KInNeSS: a modular framework for computational neuroscience.

Department of Cognitive and Neural Systems, Boston University, 677 Beacon Street, Boston, MA 02215, USA.
Neuroinformatics (Impact Factor: 3.1). 09/2008; 6(4):291-309. DOI: 10.1007/s12021-008-9021-2
Source: PubMed

ABSTRACT Making use of very detailed neurophysiological, anatomical, and behavioral data to build biologically-realistic computational models of animal behavior is often a difficult task. Until recently, many software packages have tried to resolve this mismatched granularity with different approaches. This paper presents KInNeSS, the KDE Integrated NeuroSimulation Software environment, as an alternative solution to bridge the gap between data and model behavior. This open source neural simulation software package provides an expandable framework incorporating features such as ease of use, scalability, an XML based schema, and multiple levels of granularity within a modern object oriented programming design. KInNeSS is best suited to simulate networks of hundreds to thousands of branched multi-compartmental neurons with biophysical properties such as membrane potential, voltage-gated and ligand-gated channels, the presence of gap junctions or ionic diffusion, neuromodulation channel gating, the mechanism for habituative or depressive synapses, axonal delays, and synaptic plasticity. KInNeSS outputs include compartment membrane voltage, spikes, local-field potentials, and current source densities, as well as visualization of the behavior of a simulated agent. An explanation of the modeling philosophy and plug-in development is also presented. Further development of KInNeSS is ongoing with the ultimate goal of creating a modular framework that will help researchers across different disciplines to effectively collaborate using a modern neural simulation platform.

  • Source
    • "We refer to this as the normalized exponentials (NE) spikedependent signal, introduced by KInNeSS, the KDE Integrated NeuroSimulation Software environment (Versace et al. 2008). A more realistic approximation uses a mass action law, similar to other kinetic models (Destexhe et al. 1994a, 1994b), to introduce an intermediate variable. "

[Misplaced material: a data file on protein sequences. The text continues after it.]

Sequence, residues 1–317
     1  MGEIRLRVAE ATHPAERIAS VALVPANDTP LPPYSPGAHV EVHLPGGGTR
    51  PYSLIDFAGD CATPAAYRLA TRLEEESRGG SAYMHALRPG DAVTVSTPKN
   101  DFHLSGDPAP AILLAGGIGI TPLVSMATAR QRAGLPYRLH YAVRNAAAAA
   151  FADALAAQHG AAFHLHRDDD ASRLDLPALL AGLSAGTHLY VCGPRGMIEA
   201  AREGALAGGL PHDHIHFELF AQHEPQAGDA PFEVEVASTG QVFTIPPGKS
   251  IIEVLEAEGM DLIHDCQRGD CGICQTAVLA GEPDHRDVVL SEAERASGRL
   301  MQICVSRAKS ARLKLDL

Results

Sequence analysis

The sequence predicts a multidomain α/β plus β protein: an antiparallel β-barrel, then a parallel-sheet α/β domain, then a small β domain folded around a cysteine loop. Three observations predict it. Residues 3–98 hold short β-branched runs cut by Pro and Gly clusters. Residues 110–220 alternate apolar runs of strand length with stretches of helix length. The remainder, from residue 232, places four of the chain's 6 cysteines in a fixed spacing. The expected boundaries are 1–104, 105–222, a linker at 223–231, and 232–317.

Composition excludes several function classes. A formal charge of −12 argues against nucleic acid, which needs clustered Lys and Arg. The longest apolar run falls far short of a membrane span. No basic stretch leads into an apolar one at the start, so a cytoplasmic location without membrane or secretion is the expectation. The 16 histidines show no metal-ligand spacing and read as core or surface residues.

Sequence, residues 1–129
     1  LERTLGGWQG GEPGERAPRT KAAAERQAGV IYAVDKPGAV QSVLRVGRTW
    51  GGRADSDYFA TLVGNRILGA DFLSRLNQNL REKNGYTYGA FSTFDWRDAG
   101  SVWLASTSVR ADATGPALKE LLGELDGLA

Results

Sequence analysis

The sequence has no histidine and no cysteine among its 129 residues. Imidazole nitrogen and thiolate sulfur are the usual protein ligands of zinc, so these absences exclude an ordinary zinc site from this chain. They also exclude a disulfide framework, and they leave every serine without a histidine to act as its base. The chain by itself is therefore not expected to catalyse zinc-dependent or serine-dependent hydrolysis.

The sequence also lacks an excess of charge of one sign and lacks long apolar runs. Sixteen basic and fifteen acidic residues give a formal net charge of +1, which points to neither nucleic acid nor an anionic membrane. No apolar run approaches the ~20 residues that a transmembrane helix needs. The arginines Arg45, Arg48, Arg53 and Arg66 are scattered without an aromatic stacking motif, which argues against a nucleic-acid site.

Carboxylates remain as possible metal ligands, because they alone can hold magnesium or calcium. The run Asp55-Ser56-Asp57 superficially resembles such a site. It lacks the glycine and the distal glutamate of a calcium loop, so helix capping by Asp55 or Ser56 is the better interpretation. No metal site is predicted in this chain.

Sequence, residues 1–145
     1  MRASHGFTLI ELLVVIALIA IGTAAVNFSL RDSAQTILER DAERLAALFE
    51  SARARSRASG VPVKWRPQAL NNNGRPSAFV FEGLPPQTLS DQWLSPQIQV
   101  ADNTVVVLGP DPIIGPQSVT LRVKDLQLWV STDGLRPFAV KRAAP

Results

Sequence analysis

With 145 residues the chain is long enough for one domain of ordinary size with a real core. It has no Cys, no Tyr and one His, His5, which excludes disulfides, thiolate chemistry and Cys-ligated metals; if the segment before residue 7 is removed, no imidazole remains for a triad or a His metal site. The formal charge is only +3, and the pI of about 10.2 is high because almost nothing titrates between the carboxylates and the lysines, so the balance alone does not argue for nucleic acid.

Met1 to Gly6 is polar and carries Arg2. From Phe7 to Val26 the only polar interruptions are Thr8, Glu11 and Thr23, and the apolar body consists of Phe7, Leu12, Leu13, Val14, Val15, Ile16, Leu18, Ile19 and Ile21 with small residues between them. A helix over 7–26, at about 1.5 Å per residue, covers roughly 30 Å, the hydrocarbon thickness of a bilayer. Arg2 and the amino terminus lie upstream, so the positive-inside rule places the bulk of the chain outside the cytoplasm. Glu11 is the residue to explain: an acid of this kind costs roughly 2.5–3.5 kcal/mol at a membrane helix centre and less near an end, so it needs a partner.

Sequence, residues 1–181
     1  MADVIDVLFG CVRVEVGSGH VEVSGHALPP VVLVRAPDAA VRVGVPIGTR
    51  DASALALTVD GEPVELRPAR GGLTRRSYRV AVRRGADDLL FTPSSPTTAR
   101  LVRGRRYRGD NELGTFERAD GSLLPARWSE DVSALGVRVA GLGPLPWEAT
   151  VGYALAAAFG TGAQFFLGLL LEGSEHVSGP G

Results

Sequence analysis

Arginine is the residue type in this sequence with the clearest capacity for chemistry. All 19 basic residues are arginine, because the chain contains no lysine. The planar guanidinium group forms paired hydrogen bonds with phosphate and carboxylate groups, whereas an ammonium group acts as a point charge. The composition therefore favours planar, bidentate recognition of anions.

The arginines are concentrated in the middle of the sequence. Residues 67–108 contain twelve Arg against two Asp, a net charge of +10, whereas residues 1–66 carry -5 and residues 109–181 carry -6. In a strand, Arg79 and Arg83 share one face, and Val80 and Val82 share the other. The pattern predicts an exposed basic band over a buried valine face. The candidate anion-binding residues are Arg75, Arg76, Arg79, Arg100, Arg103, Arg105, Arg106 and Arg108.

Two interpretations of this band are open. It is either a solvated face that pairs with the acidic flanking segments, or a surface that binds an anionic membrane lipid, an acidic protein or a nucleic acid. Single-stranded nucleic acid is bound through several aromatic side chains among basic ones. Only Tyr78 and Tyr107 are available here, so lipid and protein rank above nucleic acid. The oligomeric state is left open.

[Show abstract] [Hide abstract]
    ABSTRACT: Recurrent networks are ubiquitous in the brain, where they enable a diverse set of transformations during perception, cognition, emotion, and action. It has been known since the 1970's how, in rate-based recurrent on-center off-surround networks, the choice of feedback signal function can control the transformation of input patterns into activity patterns that are stored in short term memory. A sigmoid signal function may, in particular, control a quenching threshold below which inputs are suppressed as noise and above which they may be contrast enhanced before the resulting activity pattern is stored. The threshold and slope of the sigmoid signal function determine the degree of noise suppression and of contrast enhancement. This article analyses how sigmoid signal functions and their shape may be determined in biophysically realistic spiking neurons. Combinations of fast, medium, and slow after-hyperpolarization (AHP) currents, and their modulation by acetylcholine (ACh), can control sigmoid signal threshold and slope. Instead of a simple gain in excitability that was previously attributed to ACh, cholinergic modulation may cause translation of the sigmoid threshold. This property clarifies how activation of ACh by basal forebrain circuits, notably the nucleus basalis of Meynert, may alter the vigilance of category learning circuits, and thus their sensitivity to predictive mismatches, thereby controlling whether learned categories code concrete or abstract information, as predicted by Adaptive Resonance Theory.